HaShem's early words: 'My breath shall not abide in man forever, since he too is flesh; let the days allowed him be one hundred and twenty years' (6:3, JPS), attained only by Moshe who told the people 'I am now one hundred and twenty years old, I can no longer be active>' (D'varim 31:2, JPS), confirmed in the last chapter of the Torah: 'Moshe was a hundred and twenty years old when he died' (34:7, JPS)."

Yosef's lifespan is also picked up by Gunther Plaut, who explains that one hundred and ten years "has a double meaning: it represents what the Egyptians considered the ideal life span, and it marks Yosef as the spiritual heir of his ancestors. Joshua, who will bring Yosef's bones back to Canaan, will also live 110 years: 'Joshua son of Nun, the servant of the L-RD, died at the age of one hundred and ten years' (Joshua 24:29, JPS)." Plaut then uses mathematics to demonstrate that Yosef's age "pointed to Yosef's subtle relationship to the patriarchs." Compare their ages:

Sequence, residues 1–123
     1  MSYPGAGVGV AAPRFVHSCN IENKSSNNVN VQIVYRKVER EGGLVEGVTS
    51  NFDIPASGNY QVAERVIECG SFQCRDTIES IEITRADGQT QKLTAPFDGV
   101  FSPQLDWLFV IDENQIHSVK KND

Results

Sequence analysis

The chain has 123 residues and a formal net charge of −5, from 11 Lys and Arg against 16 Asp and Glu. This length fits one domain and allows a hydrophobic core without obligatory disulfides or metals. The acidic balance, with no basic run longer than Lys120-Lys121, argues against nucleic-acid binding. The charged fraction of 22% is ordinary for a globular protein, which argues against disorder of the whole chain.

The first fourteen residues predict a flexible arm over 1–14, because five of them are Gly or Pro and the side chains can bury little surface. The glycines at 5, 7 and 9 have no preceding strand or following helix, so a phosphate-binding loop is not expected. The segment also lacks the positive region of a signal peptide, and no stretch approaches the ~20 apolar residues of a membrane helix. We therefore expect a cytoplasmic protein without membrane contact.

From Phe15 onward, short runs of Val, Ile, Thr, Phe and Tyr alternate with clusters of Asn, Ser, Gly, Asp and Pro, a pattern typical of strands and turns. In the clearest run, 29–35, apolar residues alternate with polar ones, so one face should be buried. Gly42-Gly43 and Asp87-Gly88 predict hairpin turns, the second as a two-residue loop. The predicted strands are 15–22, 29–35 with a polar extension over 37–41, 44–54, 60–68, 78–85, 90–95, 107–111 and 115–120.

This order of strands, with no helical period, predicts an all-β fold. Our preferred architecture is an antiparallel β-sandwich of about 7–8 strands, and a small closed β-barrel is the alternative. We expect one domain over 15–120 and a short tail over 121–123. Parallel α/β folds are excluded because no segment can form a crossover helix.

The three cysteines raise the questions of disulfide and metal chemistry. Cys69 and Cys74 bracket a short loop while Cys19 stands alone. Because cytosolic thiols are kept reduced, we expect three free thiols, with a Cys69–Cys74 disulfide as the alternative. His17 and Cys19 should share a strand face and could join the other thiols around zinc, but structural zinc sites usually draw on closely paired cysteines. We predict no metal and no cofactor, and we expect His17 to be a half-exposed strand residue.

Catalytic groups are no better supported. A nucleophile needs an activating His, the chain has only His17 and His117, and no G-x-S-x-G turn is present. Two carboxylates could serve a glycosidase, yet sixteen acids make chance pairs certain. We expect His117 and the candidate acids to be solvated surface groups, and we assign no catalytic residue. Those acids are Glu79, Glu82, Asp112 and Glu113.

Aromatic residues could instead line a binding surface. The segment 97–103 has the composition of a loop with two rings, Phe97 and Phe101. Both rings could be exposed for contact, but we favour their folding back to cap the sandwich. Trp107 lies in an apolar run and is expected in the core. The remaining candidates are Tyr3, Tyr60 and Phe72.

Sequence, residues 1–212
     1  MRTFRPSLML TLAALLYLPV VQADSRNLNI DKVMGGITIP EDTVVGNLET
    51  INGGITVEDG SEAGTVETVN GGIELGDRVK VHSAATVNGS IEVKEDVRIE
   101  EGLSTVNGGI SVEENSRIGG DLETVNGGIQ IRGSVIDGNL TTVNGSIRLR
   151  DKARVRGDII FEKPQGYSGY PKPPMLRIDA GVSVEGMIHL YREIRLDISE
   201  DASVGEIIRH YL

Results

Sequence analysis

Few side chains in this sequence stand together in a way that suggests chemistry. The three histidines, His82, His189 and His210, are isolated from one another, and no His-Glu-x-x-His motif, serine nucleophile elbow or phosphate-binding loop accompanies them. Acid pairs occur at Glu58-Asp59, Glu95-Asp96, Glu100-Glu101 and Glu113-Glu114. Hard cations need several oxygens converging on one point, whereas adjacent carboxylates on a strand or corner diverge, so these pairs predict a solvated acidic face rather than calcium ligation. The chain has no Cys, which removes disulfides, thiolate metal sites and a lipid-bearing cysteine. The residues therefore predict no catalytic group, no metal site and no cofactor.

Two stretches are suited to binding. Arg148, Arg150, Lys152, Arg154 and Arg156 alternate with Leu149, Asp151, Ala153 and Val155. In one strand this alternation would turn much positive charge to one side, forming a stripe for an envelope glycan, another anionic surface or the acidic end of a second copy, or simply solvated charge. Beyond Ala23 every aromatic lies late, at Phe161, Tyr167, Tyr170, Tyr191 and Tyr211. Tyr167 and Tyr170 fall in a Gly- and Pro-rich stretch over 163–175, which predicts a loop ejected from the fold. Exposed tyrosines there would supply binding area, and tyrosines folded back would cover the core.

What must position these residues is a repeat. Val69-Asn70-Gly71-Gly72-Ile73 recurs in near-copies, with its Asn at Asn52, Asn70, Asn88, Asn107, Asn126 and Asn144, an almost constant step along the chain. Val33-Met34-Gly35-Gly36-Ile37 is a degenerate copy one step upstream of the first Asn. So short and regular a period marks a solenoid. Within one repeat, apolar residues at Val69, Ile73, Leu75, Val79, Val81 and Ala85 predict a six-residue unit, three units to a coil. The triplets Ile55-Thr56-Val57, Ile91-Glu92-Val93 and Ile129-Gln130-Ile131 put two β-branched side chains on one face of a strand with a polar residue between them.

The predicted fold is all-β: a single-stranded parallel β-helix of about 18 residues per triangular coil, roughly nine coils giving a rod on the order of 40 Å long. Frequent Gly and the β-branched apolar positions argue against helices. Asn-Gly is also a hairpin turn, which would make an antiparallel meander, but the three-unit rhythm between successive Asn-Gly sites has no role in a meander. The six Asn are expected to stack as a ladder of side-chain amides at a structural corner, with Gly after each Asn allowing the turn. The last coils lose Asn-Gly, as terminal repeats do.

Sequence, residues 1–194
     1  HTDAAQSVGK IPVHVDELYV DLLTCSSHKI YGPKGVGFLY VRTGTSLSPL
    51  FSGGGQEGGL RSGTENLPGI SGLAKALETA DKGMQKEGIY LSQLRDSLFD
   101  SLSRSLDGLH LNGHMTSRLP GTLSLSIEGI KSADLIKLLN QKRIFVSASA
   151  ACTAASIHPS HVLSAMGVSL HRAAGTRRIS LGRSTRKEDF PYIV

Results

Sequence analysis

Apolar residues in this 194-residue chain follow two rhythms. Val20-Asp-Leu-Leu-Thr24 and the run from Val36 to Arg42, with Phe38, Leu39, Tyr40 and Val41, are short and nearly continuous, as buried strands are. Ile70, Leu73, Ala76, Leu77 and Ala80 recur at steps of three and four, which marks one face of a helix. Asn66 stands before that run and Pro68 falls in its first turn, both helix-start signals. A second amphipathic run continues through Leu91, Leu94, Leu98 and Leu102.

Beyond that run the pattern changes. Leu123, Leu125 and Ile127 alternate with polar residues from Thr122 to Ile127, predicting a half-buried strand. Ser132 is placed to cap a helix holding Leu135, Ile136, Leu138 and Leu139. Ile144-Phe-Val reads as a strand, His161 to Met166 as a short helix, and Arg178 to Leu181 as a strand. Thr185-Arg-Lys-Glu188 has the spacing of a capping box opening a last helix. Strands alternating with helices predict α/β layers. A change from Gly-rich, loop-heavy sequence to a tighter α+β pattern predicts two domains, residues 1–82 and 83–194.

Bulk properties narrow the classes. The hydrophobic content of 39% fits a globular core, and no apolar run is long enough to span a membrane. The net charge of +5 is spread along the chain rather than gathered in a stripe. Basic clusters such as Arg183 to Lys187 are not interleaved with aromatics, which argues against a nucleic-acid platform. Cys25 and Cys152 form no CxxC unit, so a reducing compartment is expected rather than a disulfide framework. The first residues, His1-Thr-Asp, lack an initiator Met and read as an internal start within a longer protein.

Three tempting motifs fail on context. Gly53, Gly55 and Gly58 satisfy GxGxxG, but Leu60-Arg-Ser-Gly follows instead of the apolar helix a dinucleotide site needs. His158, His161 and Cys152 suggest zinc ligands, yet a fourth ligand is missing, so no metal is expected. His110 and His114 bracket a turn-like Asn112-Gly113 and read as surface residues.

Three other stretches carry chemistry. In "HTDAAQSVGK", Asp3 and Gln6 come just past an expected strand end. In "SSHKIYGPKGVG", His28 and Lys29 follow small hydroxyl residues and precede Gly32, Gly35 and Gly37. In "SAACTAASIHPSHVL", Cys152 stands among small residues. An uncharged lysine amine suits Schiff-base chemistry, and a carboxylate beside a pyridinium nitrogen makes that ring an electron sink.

Avraham 175 = 7 x 52
Yitz'khak 180 = 5 x 62
Ya'akov 147 = 3 x 72

Plaut's finale is that "adding the last column (52 + 62 + 72, 25 + 36 + 49) produces 110, showing that Yosef should be seen as the true successor to the patriarchs."